Every so often, I run into award-wining editorial cartoonist Rob Rogers [from the Pittsburgh Post-Gazette] at a Pittsburgh Cartoonists Lunch, so I should probably name him here so he doesn’t spill his drink on me — but mostly because he’s really good at what he does. Thing is, I don’t normally seek out political humor/commentary. Despite all the politically-themed illustrations you’ve hired me to do, I’m really not an overtly political guy, so I don’t have a deep well of experience to draw from for this answer. What I will say about Rob’s stuff is that, regardless of the message, he manages to make his cartoons both funny and poignant, and that’s a killer combination when you’re trying to catch even the casual reader’s eye.

If you could put any celebrity in your dunk tank, who would you choose to get soaked?
Any celebrity? From any age? I don’t know. Maybe later-period Orson Welles or Marlon Brando because they’d displace a lot of water and their level of indignation would be epic. It’s a comedy one-two punch.

Have you ever wished a politician you didn’t like would win a race, just because s/he would be so much fun to draw?
All politics aside, I was really glad Bill Peduto ran for mayor of Pittsburgh because that guy is just a blast to cartoon. He’s got really identifiable features that lend themselves well to comedic exaggeration. During the run-up to his election I was doodling Pedutos (Pedoodling?) every week so I’d be ready if you tapped me for a cover or spot illo. And you did! I’m actually mildly disappointed he hasn’t done anything really scandalous enough to warrant more editorial cartoons. But, just so you know, if he does, I’ll be ready.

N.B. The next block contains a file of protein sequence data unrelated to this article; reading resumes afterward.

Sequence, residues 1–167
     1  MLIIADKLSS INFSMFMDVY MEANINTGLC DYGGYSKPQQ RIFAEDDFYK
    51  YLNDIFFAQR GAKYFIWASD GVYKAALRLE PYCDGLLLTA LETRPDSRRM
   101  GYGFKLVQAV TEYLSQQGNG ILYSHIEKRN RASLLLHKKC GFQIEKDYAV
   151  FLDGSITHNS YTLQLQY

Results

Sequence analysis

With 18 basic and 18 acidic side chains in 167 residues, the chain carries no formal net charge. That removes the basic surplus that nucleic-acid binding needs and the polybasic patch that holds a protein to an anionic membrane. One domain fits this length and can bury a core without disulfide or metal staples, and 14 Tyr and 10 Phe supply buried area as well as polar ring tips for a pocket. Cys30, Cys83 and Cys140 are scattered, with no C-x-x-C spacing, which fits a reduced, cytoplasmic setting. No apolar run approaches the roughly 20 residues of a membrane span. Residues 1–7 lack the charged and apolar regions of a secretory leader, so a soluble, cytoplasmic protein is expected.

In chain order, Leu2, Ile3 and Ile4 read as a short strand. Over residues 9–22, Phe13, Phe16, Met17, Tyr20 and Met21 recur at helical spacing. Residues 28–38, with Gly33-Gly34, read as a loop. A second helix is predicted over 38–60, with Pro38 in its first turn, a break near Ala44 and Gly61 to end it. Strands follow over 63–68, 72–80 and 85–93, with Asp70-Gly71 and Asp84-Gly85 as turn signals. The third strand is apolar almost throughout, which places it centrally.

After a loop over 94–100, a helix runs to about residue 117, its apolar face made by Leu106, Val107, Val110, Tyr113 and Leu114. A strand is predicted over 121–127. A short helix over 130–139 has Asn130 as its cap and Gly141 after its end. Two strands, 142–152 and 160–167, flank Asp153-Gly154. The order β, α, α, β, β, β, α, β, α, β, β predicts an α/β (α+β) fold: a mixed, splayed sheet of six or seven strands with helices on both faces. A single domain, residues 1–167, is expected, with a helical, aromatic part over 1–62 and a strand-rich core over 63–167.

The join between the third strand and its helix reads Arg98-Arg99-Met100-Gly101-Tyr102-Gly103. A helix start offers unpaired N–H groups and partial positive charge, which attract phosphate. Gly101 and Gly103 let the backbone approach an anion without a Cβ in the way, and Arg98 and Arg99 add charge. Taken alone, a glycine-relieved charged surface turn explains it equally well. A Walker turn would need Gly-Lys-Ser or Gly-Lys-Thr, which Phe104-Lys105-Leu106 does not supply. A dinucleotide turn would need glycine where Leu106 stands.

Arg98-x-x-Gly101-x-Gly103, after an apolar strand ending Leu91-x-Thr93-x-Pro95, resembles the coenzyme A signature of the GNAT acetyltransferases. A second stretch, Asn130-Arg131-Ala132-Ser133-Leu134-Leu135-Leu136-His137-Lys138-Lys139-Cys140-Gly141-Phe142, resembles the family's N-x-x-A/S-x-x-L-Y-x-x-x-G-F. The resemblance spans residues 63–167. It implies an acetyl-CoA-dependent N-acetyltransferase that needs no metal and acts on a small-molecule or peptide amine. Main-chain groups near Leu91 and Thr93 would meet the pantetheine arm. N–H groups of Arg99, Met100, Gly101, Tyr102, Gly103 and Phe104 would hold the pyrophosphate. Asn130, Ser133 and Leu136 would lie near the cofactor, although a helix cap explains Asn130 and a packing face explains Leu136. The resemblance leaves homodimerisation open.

What’s the best thing about being an artist in Pittsburgh?
You probably know this already, but Pittsburgh’s got this robust community of illustrators and cartoonists that’s amazingly supportive of its members. Interacting with that community, you improve at your craft, you network, you hone oft-neglected social skills — and, honestly, in my experience, the creative community in Pittsburgh has always been very welcoming and generous with their time and energy.
Two of Vince Dorse's past Pittsburgh City Paper cover illustrations
  • Two of Vince Dorse's past Pittsburgh City Paper cover illustrations

Where did you learn your skills?